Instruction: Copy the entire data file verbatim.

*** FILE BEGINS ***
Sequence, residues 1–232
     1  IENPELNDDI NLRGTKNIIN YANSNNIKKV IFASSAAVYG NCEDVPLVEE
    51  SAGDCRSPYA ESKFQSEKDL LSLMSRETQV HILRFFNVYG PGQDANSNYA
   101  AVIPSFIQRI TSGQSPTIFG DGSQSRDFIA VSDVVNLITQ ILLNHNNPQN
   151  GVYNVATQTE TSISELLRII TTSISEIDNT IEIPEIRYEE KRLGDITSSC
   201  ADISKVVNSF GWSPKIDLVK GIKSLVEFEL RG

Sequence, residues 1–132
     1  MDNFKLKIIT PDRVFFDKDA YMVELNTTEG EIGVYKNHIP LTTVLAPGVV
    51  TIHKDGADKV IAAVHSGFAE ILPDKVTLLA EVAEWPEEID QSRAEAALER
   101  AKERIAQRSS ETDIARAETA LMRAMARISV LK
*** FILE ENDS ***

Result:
Sequence, residues 1–232
     1  IENPELNDDI NLRGTKNIIN YANSNNIKKV IFASSAAVYG NCEDVPLVEE
    51  SAGDCRSPYA ESKFQSEKDL LSLMSRETQV HILRFFNVYG PGQDANSNYA
   101  AVIPSFIQRI TSGQSPTIFG DGSQSRDFIA VSDVVNLITQ ILLNHNNPQN
   151  GVYNVATQTE TSISELLRII TTSISEIDNT IEIPEIRYEE KRLGDITSSC
   201  ADISKVVNSF GWSPKIDLVK GIKSLVEFEL RG

Sequence, residues 1–132
     1  MDNFKLKIIT PDRVFFDKDA YMVELNTTEG EIGVYKNHIP LTTVLAPGVV
    51  TIHKDGADKV IAAVHSGFAE ILPDKVTLLA EVAEWPEEID QSRAEAALER
   101  AKERIAQRSS ETDIARAETA LMRAMARISV LK